More and more, as the idea of evidence-based practice takes hold,
we as counsellors are increasingly likely to find ourselves in situations where we have to “measure” our clients’ progress: employee assistance programmes often require a test at the start and end of the work, and sometimes even one in the middle; and I have even heard a very senior practitioner in the children and young people field suggest, with a perfectly straight face, that some kind of assessment questionnaire at every session was not only appropriate, but therapeutically beneficial!
The reality, though, is that measurements are here to stay. For Adlerians, this is not quite so much of a challenge, as Adlerian psychology has built into it the idea of measuring life task scores, and using scaling questions (“On a scale of 0–10, how do you feel about…?”); for practitioners in other disciplines, this kind of task can feel uncomfortable and at odds with their ways of working.
But there can be a catch. When we ask a client for their life task scores, for example, we are explicitly asking them for their subjective judgement as to where they feel they score in each area – there is little danger that we are going to use those scores to make comparisons between clients, and it would be futile to do so, since what one person might think of as being a 5 could well be a 7 to someone else.
Those dangers are not always so evident to those who crave the evidence that tests like CORE or the plethora of screening tests appear to give. To them, the task is one of trying to achieve an objective rating – independent of the client’s perceptions – that indicates how “well” or otherwise our clients are. This is something which might reasonably be regarded as impossible to achieve.
Worse, there is always the temptation, having gathered together such a body of data, to start aggregating it or using it to make comparisons between practitioners. Data that was initially collected to provide some kind of comparison over time between an initial subjective assessment by the client of their state of mind and a subsequent, also subjective assessment by the same client starts to be misapplied to make comparisons that can be both flawed and risky when it is aggregated across many clients and therapists.
Indeed, in one setting in which I worked, a new CORE graph was issued to us. Along with the bandings indicating the “severity” of the client’s score were two black lines superimposed, which, on further enquiry, turned out to be an upper level beyond which the client was considered too severely affected to be appropriate for us to work with, while the lower line represented a cut-off point indicating a degree of distress too low for us to concern ourselves with.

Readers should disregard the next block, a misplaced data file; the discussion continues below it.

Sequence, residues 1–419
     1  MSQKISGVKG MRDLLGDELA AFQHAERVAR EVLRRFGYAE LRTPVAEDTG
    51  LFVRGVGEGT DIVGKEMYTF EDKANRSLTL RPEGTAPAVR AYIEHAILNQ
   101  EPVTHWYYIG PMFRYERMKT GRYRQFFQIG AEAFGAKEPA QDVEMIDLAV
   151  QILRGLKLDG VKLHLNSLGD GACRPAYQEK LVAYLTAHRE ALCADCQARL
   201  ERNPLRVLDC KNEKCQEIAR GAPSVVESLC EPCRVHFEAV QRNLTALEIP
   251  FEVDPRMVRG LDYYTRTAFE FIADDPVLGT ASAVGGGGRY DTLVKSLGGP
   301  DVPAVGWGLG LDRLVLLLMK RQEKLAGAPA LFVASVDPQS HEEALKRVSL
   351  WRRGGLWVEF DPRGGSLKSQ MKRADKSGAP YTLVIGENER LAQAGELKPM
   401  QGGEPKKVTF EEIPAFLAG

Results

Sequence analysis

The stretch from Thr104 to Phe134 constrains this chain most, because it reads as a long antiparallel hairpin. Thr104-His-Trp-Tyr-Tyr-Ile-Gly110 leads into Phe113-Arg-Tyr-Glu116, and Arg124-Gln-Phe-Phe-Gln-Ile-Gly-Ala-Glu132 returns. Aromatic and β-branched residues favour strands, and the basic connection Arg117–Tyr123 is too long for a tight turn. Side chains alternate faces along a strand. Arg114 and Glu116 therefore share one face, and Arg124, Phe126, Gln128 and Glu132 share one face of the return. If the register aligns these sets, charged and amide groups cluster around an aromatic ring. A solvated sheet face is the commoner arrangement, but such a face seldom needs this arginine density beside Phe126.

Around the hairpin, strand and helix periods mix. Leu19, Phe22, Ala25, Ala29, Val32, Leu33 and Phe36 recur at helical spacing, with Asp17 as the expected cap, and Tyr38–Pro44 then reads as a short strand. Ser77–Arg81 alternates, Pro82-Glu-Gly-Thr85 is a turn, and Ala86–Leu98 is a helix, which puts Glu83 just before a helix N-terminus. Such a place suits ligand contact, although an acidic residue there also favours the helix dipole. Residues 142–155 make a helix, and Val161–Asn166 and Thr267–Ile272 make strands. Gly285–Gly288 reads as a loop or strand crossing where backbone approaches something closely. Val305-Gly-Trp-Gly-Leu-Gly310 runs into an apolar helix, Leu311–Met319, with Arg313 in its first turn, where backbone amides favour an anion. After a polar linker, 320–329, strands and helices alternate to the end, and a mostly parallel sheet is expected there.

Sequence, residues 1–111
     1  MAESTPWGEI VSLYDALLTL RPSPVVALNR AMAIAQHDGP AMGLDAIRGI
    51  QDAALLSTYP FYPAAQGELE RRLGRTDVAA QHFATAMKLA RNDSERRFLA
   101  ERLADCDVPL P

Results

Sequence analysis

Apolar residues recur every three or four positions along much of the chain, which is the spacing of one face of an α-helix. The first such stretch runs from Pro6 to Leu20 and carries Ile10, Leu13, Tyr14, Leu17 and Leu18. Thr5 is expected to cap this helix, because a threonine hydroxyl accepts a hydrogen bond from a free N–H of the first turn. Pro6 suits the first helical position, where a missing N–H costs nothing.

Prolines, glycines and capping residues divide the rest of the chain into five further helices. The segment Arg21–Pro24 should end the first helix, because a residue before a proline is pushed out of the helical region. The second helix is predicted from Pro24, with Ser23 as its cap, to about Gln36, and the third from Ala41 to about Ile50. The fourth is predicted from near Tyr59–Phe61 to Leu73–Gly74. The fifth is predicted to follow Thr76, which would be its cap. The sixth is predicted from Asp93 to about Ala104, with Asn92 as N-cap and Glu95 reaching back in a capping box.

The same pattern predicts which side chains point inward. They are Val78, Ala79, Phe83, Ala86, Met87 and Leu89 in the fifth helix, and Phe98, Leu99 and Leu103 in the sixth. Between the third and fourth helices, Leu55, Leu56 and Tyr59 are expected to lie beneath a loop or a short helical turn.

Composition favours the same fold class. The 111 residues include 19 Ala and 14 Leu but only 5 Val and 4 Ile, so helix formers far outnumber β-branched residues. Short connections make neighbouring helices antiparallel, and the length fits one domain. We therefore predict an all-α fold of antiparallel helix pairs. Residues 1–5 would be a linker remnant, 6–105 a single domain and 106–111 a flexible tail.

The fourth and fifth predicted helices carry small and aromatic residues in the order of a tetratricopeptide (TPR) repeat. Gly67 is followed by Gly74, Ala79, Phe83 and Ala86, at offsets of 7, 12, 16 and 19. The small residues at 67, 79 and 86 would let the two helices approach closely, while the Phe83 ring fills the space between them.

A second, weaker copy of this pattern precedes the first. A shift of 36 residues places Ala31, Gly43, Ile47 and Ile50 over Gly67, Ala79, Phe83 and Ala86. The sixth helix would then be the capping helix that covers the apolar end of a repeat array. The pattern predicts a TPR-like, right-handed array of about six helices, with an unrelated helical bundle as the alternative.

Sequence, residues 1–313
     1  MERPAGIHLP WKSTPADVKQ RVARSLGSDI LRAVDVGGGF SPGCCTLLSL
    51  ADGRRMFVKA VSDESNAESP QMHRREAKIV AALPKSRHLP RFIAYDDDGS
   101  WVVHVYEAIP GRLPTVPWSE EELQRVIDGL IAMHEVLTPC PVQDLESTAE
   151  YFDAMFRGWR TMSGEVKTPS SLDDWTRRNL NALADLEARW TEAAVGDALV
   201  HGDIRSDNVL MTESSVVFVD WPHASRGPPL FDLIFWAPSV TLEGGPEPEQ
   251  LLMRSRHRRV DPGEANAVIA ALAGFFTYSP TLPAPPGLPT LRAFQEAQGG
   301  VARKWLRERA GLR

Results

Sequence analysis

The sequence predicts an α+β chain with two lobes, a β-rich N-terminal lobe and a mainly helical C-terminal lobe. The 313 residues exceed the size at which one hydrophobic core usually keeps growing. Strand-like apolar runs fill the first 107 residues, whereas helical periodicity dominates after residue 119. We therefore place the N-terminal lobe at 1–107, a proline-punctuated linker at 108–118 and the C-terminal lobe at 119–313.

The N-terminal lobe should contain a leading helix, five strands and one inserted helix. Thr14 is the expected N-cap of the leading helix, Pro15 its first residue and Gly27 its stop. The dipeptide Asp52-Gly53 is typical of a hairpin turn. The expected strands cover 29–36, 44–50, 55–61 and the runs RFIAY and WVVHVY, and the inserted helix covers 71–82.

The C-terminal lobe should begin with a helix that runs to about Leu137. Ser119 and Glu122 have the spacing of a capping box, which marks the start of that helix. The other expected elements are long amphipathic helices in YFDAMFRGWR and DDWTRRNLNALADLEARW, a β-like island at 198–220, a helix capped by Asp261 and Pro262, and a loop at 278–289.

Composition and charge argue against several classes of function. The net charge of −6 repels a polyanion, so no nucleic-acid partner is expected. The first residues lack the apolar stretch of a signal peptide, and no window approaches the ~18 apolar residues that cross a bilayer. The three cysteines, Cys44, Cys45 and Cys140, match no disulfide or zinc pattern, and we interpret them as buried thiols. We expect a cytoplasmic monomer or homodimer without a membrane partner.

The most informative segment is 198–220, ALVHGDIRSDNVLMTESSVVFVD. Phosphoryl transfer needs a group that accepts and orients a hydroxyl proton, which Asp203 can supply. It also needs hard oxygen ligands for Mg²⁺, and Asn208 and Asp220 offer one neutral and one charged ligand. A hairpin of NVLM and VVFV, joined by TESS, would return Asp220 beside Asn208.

What this demonstrated was a very fundamental failure to understand the perils of using subjective measurements to make such decisions: by scoring “too low” (as often happens with clients who are not yet secure enough in their counselling to risk giving us the unvarnished truth about how they are feeling), a client was, under that system, able to unwittingly deprive themselves of counselling they wanted and needed, with potentially profound consequences for their own well-being.
This brings us to another point. The act of asking a client to complete a questionnaire or answer scaling questions may well influence the very feelings we are attempting to quantify. When this is being done as an embedded part of the therapeutic process – as Adlerians do – this can be beneficial, as it can help bring into the client’s awareness their own feelings about themselves or their relationships, and the therapist will typically work with the client on the feelings and knowledge identified by that process. However, if the measurement process is somehow imposed onto the therapeutic one, and does not form a seamless part of it, the risk is that it can affect clients without offering the same potential for therapeutic benefit.
Measurement, of one kind or another, is not going to go away, although it is interesting to note that the National Institute for Clinical Excellence is itself moving away from its previous adherence to the evidence-based CBT model as the only suitable approach.
We, as practitioners, are going to need to learn how to use measuring tools in our work in a way that can, ideally, enable us to work more effectively to the client’s benefit, or at least not interfere too much with the therapeutic process. However, it may also be that we have to take the bold step of drawing a firm line across the threshold of our counselling rooms when it comes to funders or service providers making demands on us to measure our clients.
Ultimately, if something threatens to undermine the most important aspect of our work – the therapeutic alliance – we have to ask ourselves where our real responsibilities lie.
On that note, I’ll share a final thought from American Express’s chief marketing officer, who is reported to have said: “We tend to overvalue the things we can measure and undervalue the things we cannot.”